Tech Talk Article
In my previous article, I mentioned that the lathe was my favoritemachine tool. That is because there is a certain elegance to theturning cut. A sharp, wedge shaped tool takes a continuous, uniformchip at the least expense of power and with satisfying smoothness. Inmy work as an Instrument Maker and also doing repair work on printingpresses, I have had to make some rather hairy lathe set-ups. I dependedon the gentleness of the turning cut and trusted that I could get atricky job done without a wreck.The only reason that I like milling is that it is easier than filing.What I don't like is that the milling cut is always an interruptedcut and the chip is always changing in thickness. In practice it meansthat the machine is going to vibrate and there is always going to befriction, heat and cutter deflection.I have a Van Norman No 38 MEA in my shop. It has a No. 50 Taper spindleand 15 horsepower to drive it. She's a Fat Girl - weighing in atsomething over 7,500 pounds. I was fortunate to buy her used from anaircraft plant so she has very little wear. THAT machine will MILL! Idon't mean just take a heavy cut, what I am getting at is that the heavymachine will take a light cut and leave a finish so fine that I have hada customer mistake it for surface grinding.The reason that I mention the big Van Norman in an article for hobbyistsis to get the point across that because of the nature of the millingcut, Nothing Beats Size and Weight! The Milling Machine must havesufficient mass of metal to dampen the vibrations of the milling cut andresist the push of the milling cutter without being deflected or thesurface finish of the cut will not be smooth.So far the best milling machine I have seen for the live steam hobbyistis, of course, the Bridgeport. The reason is this: when they designedthe Bridgeport they modeled it after the No. 2 size heavy duty millingmachines made by Brown and Sharpe, only for economy they left out allthe mechanical parts of the feed works in the knee and they gave themachine a simplified vertical milling head.They sold it as a "Tool and Die" mill and were very fussy about thequality of construction and the machine's alignments since they wereselling against large, well established machine tool manufacturers whowere just a short distance away, Brown and Sharpe in Providence and VanNorman in Springfield.In our high school shop in 1960 we had a Bridgeport Mill and all of usin the shop class just loved the fact that the hand cranks turned soeasily and that the little milling head ran so quietly that it didn'tscare us. Our other milling machines were made by Cincinnati and VanNorman and they were intimidating beasts!I am sure that this experience was shared by many others my age whichled to the fact that Bridgeport dominated the light milling machinemarket until the imported "clones" appeared 20 years later.There are some other very fine small milling machines to be found onboth the new and used market. On of the best have owned was theClausing vertical mill. This machine was very nicely made and I checkedit for alignments and it was dead-on. It had a No 2 Morse taper spindleand used No. 2 Morse taper collets.The only reason that I sold it was that at the time I was in myapprenticeship and accustomed to heavier machines and, being young andfoolish, I tended to overload the poor thing. If one can be satisfiedwith working with end mills 1/2 inch and smaller, then this is one ofthe best machines a steam hobbyist can buy.With the exception of some of the parts of the Major Beam Engine, thereis no Stuart Turner model steam engine that this machine can't handle.Both Sheldon and Hardinge made small horizontal milling machines. Themain disadvantage of this type of mill is that they have no quill ancan't be used as a drilling machine. If you are limited in shop spaceand can do accurate layout, then a small horizontal mill and a drillpress are the most economical way to go. I have a Sheldon in my shopand run small parts in production quantities on it. It has also cut itsshare of Stuart Turner's iron.I am vary of the imported so called mill-drill machines with the round,drill press type column. I ran one of them and found that they werepoorly fit together and were very prone to deflection of their partseven when taking light milling cuts. Personally I believe they can bedangerous when used as a milling machine.There are also imported machines that look similar to the Clausing millI mentioned earlier. Although I have no experience with them, I thinkthey would be all right, but like the Clausing, they should be treatedgently - no heavy milling cuts.The little table top milling machines sold in catalogs and magazines areprobably going to be a disappointment. First, they don't have the sizeand weight to withstand the reaction of the milling cut. Second, theyare so small that by the time you have a drill chuck and a drill in thespindle, there is no room for the work piece. Both the tradesmanmachinist and the hobbyist are interested in success in completing ajob. Fighting the limitations of a machine is one of the quickest waysto make a person loose interest in the trade or the hobby.Some notes on milling machine techniques. It is always best to have anexperienced machinist go through the basic points of the milling processbefore attempting a milling job on your own, Milling machines are notas forgiving as lathes. Proper set up is 90 per cent of the job and amilling machine set up simply MUST be a Safe set up.Be sure you know the difference between climb milling and conventionalmilling. The diagrams in textbooks always show the conventional and theclimb cuts in terms of a horizontal milling machine cutter. End millscan be put into a climb cut with the same unpleasant consequences.In conventional milling, the cutting edge of the cutter or end mill isgoing in the Opposite Direction of the feed of the work. In climbmilling, the cutting edge of the cutter or end mil is going in the SameDirection as the feed of the work. In a climb cut, the cutter will tendto pull the work into itself by taking up the backlash of the feedscrew. This is always exciting and usually ends up in a wreck.Heavy Industrial milling machines like our Van Norman have backlasheliminators on their table feed screws so they can climb mill, There isNO small milling machine that I know of that has such a device - Don'tclimb mill!Small vertical mills all have quills for drilling and boring. This isvery nice and it lets you do what used to be done in expensive jigborers right in your own shop. There is a very big "However" associatedwith quills, and that is the quill must be retracted all the way up whentaking milling cuts. Even more important is the responsibility of themachine operator to be SURE that the Quill Lock is set tight beforetaking a milling cut.If you go to enough shops where there are Bridgeports, you are certainto find some fool milling with the quill stuck down. This practiceruins the main head casting. Don't mill with the quill down.The helix of an end mill will exert a downward force on the machinespindle, if the quill lock is not set tight, the cutter will draw thespindle down into the work or the machine table. If you look at enoughused milling machines, you will find quite a few with mill marks intheir tables. Set the Quill Lock.All small vertical milling machines have one or more swivel jointsbetween the overarm and the milling head. This allows the head to beset at an angle and also relieves the machine manufacturer of having tohold the tolerances for squareness of the spindle to the table. Thatmeans that the operator must be able to check the spindle for squarenessto the machine table.This is done with a dial indicator held on a bent arm that is chucked inthe machine's spindle. This is best shown by an experienced machinist,the point here is if you don't know how to do that, get a machinist todo it and show you how and also, think twice before setting the head ofa vertical machine at an angle because it will always have to beindicated in afterward. By the way, if a machine has been moved, evenif it is only across the shop, the head will have to be checked forsquare. It will invariably be knocked out.Learn how to use an edge finder to locate the spindle center over theedge of a work piece. Then you can locate holes in relation to thefeatures of the work piece and measure the locations with the dials adscrews of the milling machine. This is much easier than laying a jobout and unless you are an expert layout man, it is more accurate.For those who are mathematically inclined circular hole patterns can beput into rectangular co ordinates by using high school trigonometry. Inmost cases, the locations of the holes will be more accurate than ifthey were done on a rotary table, especially the small diameter rotarytables most hobbyists and many machine shops have.A perfect example of this is the machining of steam engine frames andcylinders. Once the cylinder is bored, the head bolt holes are locatedin relation to the bore and drilled in the same set up. The same coordinates are then used on the engine frame after the crosshead guide isbored. The parts will fit together perfectly the first time. If a jigis made to hold the cylinder heads in a milling vise, the boss that fitsthe cylinder bore is indicated true to spindle center and again the sameco ordinates are used to drill the head bolt holes.While on the subject of drilling in the milling machine, there is no needfor center punch marks when locating holes by rectangular co coordinates.Center punch marks keep drills from "walking" when they contact thework. When locating a hole in a milling set up, always use a centerdrill to make a starting spot for the drill. I can't count how manytimes I have seen amateurs and people who say they are machinists expecta drill to go directly into a work piece and stay true to machine centerwithout some kind of starting spot.Never trust a milling machine vise. always check the stationary vise jawfor parallelism to one of the machine's axes using a dial indicator.Use the indicator to check to see if the flat surface of the vise at thebase of the jaws is parallel to the top of the machine table. I veryseldom use a swivel base under a milling machine vise. Yes, it looks tobe convenient, but the swivel base is a probable source of parallelismerror and it also decreases the available space between the spindle andthe table top.The milling machine table is the "operating field" of the machine. learnhow to make set ups using blocks and clamps to hold work to the table.It is all right and in fact recommended to run an oil stone or even afine file lightly over a milling machine table after it has been wipedthoroughly clean. any object that strikes the table is liable to leavean "upset" on the surface which will cause a vise or fixture to beclamped out of parallel with the table top. The stone or file will findthem so they can be taken down even with the table surface. Do thisalso to the bottom surface of vises and rotary tables, they often aredamaged while sitting around off the machine.Milling machines, especially the Bridgeport type machines see some veryrough service in various shops. This makes finding used mills quitedifficult. The CNC machines are making many manual machines available,but the price of used small mills hasn't been depressed as far as theprice of manual lathes. Buying a milling machine is going to beexpensive no matter if the machine is new or used. As in finding a niceused lathe, a used machine tool dealer is a good person to talk to. Ihave a tendency to trust a good used Bridgeport more than I would trusta slickly promoted new import.The hobbyist can do very well with an older ( late '50s - early 60's)Bridgeport with the short table length and the nine inch cross slidetravel on the knee. There is a possibility of finding an older "roundram" Bridgeport that is in really good shape. These older Bridgeportsare very fine mills only they aren't sexy anymore. remember, thehobbyist isn't looking for extended slide travels so the smaller versionsare just right and very economical to buy.I hope that I have been of some help.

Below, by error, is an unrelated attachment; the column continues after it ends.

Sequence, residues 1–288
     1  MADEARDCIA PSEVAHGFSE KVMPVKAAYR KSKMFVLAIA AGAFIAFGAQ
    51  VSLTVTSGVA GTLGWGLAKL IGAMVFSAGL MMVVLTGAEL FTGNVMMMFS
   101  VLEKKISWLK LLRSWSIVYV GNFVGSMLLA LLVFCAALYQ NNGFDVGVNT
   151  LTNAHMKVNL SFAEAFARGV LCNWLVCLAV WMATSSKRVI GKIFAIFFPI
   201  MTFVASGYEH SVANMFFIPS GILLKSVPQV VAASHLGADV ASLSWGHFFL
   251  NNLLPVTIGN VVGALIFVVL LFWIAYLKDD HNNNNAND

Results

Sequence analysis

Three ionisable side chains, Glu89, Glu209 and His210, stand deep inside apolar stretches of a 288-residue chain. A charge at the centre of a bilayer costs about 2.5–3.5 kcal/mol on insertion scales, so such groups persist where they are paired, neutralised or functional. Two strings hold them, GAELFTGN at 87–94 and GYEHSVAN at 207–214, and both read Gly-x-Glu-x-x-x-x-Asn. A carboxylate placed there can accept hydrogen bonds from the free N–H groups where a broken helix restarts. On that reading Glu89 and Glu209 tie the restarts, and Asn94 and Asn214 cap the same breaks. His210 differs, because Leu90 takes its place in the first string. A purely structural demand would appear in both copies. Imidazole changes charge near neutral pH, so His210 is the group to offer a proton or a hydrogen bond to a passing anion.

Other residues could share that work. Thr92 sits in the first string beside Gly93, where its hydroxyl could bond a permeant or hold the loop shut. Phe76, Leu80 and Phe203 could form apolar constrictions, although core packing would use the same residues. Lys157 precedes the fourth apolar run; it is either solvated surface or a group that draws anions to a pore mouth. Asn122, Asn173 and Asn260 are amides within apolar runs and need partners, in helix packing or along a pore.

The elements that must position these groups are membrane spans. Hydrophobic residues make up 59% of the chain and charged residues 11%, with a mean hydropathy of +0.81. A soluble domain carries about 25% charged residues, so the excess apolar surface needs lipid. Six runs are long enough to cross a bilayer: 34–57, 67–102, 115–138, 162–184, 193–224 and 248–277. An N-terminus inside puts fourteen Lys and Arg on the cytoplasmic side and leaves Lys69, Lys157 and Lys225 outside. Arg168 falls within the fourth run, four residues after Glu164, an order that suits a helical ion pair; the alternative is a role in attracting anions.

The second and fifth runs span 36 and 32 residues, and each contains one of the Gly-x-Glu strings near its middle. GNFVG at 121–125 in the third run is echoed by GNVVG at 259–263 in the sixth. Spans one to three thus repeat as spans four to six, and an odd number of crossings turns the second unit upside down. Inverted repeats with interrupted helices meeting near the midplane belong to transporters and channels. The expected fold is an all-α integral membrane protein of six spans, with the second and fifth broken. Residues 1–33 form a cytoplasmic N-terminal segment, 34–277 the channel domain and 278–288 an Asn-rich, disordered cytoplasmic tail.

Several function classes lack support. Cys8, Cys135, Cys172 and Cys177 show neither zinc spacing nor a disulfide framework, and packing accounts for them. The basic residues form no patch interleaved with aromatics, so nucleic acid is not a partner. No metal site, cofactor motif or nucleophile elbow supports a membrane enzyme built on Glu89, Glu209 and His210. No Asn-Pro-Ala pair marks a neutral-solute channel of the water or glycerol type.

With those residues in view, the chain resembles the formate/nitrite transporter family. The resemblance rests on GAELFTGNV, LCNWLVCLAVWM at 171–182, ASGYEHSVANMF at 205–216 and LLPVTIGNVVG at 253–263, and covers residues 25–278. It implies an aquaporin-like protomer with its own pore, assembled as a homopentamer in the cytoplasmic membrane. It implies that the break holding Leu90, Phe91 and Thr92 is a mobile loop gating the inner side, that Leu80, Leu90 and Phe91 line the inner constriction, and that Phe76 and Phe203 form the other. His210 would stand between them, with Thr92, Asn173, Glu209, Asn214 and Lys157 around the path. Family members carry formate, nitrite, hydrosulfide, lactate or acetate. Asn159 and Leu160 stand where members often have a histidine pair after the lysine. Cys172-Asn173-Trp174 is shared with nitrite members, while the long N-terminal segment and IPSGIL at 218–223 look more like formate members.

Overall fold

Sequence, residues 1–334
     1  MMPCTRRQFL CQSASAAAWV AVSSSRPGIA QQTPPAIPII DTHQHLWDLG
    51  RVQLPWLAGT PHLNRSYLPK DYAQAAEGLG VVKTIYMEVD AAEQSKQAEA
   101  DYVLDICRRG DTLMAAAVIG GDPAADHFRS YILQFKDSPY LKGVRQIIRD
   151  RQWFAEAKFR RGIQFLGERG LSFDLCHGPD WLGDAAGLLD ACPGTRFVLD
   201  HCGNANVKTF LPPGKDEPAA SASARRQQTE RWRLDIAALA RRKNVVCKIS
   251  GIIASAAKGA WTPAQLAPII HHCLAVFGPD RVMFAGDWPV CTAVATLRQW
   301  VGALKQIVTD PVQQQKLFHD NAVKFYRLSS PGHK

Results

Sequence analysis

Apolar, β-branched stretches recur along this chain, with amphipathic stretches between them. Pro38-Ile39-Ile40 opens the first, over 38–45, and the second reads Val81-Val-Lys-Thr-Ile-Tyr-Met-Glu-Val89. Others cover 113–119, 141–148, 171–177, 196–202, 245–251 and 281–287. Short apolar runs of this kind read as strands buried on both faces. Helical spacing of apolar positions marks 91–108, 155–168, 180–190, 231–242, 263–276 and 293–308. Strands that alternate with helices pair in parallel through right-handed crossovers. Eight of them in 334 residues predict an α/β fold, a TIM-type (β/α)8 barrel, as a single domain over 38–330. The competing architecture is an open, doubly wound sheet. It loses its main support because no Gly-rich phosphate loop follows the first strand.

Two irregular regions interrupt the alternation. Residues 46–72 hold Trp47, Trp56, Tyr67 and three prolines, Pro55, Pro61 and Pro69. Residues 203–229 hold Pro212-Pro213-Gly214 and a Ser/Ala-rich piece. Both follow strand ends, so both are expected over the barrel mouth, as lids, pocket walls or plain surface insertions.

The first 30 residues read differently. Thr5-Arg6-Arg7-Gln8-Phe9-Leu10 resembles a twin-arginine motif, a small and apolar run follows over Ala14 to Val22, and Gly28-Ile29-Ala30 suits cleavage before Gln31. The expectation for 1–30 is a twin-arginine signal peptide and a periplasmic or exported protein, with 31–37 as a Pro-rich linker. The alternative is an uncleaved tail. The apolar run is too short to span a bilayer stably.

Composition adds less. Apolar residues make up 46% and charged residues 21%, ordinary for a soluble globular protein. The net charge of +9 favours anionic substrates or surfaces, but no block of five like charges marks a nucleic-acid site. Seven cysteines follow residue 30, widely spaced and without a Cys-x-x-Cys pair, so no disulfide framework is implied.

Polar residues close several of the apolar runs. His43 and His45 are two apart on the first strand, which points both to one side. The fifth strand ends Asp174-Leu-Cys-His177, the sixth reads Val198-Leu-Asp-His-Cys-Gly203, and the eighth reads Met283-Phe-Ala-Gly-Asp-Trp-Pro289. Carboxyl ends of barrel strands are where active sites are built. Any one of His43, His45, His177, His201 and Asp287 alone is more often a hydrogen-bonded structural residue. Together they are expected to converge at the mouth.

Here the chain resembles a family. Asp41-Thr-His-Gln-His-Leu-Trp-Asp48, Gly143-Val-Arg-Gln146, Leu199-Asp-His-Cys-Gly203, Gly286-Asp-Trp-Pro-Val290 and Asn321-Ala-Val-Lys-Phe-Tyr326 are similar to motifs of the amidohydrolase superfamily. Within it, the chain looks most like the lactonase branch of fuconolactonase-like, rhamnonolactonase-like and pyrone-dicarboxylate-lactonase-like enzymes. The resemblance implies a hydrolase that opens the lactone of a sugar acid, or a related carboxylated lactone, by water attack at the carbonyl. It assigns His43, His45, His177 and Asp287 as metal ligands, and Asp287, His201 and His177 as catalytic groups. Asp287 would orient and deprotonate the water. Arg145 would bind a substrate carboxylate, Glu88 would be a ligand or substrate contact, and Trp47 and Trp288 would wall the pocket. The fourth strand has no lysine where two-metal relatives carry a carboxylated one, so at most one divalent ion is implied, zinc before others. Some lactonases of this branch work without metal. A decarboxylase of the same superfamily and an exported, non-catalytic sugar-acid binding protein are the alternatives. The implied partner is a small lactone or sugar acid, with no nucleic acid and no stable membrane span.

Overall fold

Jim KizaleApril 2003